I turn to my phone messages — and Suze has written them down really conscientiously:
Your mum — what are you wearing to Tom and Lucy’s wedding?Your mum — don’t wear violet as it will clash with her hat.Your mum — Luke does know it’s morning dress?Your mum — Luke is definitely coming, isn’t he?David Barrow — please could you ring him.Your mum—
Hang on. David Barrow. Who’s that?
“Hey, Suze!” I yell. “Did David Barrow say who he was?”
“No,” says Suze, appearing in the hall. “He just said could you ring him.”
“Oh right.” I look at the message, feeling faintly intrigued. “What did he sound like?” Suze screws up her nose.
“Oh, you know. Quite posh. Quite… smooth.”
I’m a little excited as I dial the number. David Barrow. It sounds almost familiar. Maybe he’s a film producer or something!
“David Barrow,” comes his voice — and Suze is right, he is quite posh.
“Hello!” I say. “This is Rebecca Bloomwood. I had a message to call you.”
“Ah, Miss Bloomwood! I’m the special customer manager of La Rosa.”
“Oh.” I screw up my face puzzledly. La Rosa? What on earth’s—
Oh yes. That trendy boutique in Hampstead. But I’ve only been in there about once, and that was ages ago. So why is he calling me?
“May I say, first, what an honor it is to have a television personality of your caliber as one of our customers.”
“Oh! Well — thank you!” I say, beaming at the phone. “It’s a pleasure, actually.”
This is great. I know exactly why he’s calling. They’re going to give me some free clothes, aren’t they? Or maybe… yes! They want me to design a new line for them! God, yes. I’ll be a designer. They’ll call it the Becky Bloomwood collection. Simple, stylish, wearable garments, with maybe one or two evening dresses…
“This is simply a courtesy call,” says David Barrow, interrupting my thoughts. “I just want to ensure that you are completely happy with our service and ask if you have any other needs we can help you with.”
“Well — thanks!” I say. “I’m very happy, thanks! I mean, I’m not exactly a regular customer but—”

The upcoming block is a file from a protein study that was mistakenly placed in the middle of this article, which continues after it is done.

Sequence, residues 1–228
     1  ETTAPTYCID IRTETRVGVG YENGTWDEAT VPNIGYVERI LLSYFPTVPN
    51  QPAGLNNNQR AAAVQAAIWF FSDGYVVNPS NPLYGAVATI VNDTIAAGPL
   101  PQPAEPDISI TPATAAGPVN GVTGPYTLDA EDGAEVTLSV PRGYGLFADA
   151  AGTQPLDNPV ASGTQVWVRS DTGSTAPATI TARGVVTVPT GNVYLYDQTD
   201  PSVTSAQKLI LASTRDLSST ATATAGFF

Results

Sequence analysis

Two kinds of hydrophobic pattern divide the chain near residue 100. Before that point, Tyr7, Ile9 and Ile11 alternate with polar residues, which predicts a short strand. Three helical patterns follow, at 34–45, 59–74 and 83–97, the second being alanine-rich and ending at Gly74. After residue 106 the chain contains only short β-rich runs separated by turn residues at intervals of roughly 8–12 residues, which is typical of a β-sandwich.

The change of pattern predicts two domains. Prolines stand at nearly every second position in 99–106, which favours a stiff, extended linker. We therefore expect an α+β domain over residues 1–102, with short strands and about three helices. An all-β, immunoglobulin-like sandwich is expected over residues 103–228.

“Also to mention the small matter of your outstanding La Rosa Card account,” adds David Barrow as though I haven’t spoken. “And to inform you that if payment is not received within seven days, further action will have to be taken.”
I stare at the phone, feeling my smile fade. This isn’t a courtesy call at all, is it? He doesn’t want me to design a collection of clothes. He’s phoning about money!
I feel slightly outraged. Surely people aren’t just allowed to telephone you in your own home and demand money with no warning? I mean, obviously I’m going to pay them. Just because I don’t send a check off the moment the bill comes through the letter box…
“It has been three months now since your first bill,” David Barrow is saying. “And I must inform you that our policy after the three-month period is to hand over all outstanding accounts to—”
“Yes, well,” I interrupt coolly. “My… accountants are dealing with all my bills at the moment. I’ll speak to them.”
“I’m so glad to hear it. And of course, we look forward to seeing you again in La Rosa very soon!”
“Yeah, well,” I say grumpily. “Maybe.”
I put the phone down as Suze comes past the door again, dragging another black bin bag. “Suze, what are you doing?” I say, staring at her.
“I’m decluttering!” she says. “It’s brilliant. So cleansing! You should try it! So — who was David Barrow?”
“Just some stupid bill I hadn’t paid,” I say. “Honestly! Phoning me at home!”
“Ooh, that reminds me. Hang on…”
She disappears for a moment, then appears again, holding a bundle of envelopes.
“I found these under my bed when I was tidying up, and this other lot were on my dressing table… I think you must have left them in my room.” She pulls a face. “I think they’re all bills, too.”
“Oh, thanks,” I say, and throw them onto the bed.
“Maybe…” says Suze hesitantly, “maybe you should pay some of them off? You know. Just one or two.”
“But I have paid them off!” I say in surprise. “I paid them all off in June. Don’t you remember?”
“Oh yes!” says Suze. “Yes, of course I do.” She bites her lip. “But the thing is, Bex…”